We are a leading authority on residential and commercial wildlife control in New Jersey, specializing in bat control and bat removal as well as bird removal, bird control, trapping and relocating of all nuisance wild animals small to large including mice, rats, raccoons, skunks, fox, coyote, deer and more! We offer compassionate and thorough full-service removal and exclusion programs.
BATS ARE MAMMALS, possessing hair, giving birth to live young, and feeding young milk produced by mammary glands. Most produce only one offspring (called a pup) annually and rear their young for the first few weeks of life until they are able to fly and feed on their own. These reproductive and rearing practices make them the slowest reproducing mammals on earth for their size. Despite their slow reproduction, bats exist in large numbers and encompass one quarter of all mammal species, second in population only to rodents. Bats are the only true flying mammals and use echolocation to locate and acquire prey. Bat species found in New Jersey are insectivorous and can consume thousands of insects in a single night.
NEW JERSEY IS HOME TO NINE SPECIES OF BATS. Six species are year round residents and three species are migratory.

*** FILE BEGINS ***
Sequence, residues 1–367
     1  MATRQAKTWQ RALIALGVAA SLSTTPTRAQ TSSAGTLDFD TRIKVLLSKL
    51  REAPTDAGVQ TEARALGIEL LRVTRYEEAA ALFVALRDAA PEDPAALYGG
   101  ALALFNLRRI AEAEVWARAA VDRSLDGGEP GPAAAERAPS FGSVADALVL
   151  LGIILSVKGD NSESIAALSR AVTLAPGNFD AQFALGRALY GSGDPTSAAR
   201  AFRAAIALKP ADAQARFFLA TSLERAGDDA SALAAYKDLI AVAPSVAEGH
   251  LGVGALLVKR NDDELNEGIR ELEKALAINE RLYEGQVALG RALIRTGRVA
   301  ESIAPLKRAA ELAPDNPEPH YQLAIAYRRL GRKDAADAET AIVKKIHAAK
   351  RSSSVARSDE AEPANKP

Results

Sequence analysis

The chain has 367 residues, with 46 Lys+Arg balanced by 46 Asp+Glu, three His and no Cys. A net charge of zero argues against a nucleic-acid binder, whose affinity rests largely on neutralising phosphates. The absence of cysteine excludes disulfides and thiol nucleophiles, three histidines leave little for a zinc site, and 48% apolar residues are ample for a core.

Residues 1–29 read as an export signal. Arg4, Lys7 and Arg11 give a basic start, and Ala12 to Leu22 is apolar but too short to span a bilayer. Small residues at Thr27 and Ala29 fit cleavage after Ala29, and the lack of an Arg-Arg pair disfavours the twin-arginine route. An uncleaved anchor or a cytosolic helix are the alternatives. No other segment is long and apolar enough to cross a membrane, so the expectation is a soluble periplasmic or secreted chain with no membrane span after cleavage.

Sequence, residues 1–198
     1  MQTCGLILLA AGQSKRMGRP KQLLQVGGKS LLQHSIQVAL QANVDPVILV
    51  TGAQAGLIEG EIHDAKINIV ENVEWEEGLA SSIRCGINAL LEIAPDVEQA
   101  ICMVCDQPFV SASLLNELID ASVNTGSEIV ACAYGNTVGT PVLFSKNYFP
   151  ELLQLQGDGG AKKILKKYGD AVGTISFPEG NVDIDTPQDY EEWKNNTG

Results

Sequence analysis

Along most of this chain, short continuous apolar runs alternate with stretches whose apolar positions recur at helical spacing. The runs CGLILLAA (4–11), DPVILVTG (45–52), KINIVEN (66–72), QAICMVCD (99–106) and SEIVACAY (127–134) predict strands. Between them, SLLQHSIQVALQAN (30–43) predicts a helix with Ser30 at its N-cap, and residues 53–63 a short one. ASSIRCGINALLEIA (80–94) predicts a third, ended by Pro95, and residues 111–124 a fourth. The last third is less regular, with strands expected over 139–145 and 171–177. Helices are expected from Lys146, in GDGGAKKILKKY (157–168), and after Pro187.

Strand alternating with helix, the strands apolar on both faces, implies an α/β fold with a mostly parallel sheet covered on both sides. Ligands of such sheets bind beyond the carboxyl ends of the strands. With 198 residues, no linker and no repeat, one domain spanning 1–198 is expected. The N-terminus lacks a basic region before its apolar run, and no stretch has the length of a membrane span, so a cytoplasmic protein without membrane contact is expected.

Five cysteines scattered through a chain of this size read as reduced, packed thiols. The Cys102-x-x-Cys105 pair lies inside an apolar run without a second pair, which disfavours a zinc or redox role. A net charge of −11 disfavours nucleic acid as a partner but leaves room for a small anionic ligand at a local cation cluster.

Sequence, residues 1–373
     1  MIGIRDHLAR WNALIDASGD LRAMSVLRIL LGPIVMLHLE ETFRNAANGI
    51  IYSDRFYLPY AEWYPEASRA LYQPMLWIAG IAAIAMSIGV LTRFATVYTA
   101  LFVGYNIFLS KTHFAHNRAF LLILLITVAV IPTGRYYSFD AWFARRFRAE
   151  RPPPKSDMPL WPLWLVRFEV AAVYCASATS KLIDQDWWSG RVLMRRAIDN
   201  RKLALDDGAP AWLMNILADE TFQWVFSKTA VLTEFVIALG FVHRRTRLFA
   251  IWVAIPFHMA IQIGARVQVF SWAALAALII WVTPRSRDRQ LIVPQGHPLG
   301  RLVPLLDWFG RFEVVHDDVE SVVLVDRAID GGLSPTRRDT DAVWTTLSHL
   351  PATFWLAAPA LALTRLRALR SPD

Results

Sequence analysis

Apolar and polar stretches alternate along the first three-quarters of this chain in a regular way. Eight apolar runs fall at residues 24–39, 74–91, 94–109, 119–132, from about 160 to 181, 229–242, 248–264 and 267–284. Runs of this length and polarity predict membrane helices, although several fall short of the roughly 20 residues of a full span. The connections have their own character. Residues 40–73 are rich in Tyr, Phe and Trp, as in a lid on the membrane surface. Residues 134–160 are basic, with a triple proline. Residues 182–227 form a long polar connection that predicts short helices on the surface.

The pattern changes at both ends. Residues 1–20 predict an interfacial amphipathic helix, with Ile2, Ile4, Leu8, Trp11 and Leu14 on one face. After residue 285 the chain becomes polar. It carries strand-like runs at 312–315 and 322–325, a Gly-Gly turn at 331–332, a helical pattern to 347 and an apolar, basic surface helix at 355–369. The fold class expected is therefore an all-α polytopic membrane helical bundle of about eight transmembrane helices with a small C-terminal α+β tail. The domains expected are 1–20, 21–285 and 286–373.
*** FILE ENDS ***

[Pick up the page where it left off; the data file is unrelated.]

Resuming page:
YEAR-ROUND RESIDENTS INCLUDE THE:
- Little brown bat
- Big brown bat
- Northern long-eared bat
- Indiana bat (a federal and state endangered species)
- Eastern small-footed bat and
- Eastern pipistrelle
These species are active throughout the late spring, summer, and early fall but go into dormancy, hibernating in caves and abandoned mines, for the cold winter months. THE HOARY BAT, RED BAT, AND SILVER HAIRED BAT ARE PART-TIME RESIDENTS, migrating to southern states in the fall to over winter in the milder climate.
MYTHS AND UNTRUTHS ABOUT BATS ARE NUMEROUS. In fact, bats are actually quite harmless and are important indicators of a healthy environment. Since they are particularly vulnerable to pollution and pesticides, their presence or absence can tell scientists a lot about the overall health of the local environment. Bats seldom spread disease. Like most mammals, bats can contract and transmit rabies, although less than one-half of 1% of wild bats have rabies. In the past 50 years, only 48 U.S. residents are believed to have contracted rabies from bats. The fear of being infected with the disease by bats far exceeds the risks.
It is illegal for anyone, including animal control officers and exterminators, to kill Bats.
All evictions or exclusions should take place prior to May or after August 30th.
White-nose syndrome is taking its toll on Bat populations. The fungus, called white-nose syndrome for the whitish powder that appears on the nose, ears and wing membrane of infected Bats, was first discovered on Bats in New York in 2006. It has since been linked to the deaths of more than a million Bats in 11 states, from New Hampshire to Virginia, and has also spread to Ontario, Canada. The virus appears to be following the path of the Appalachian Mountains.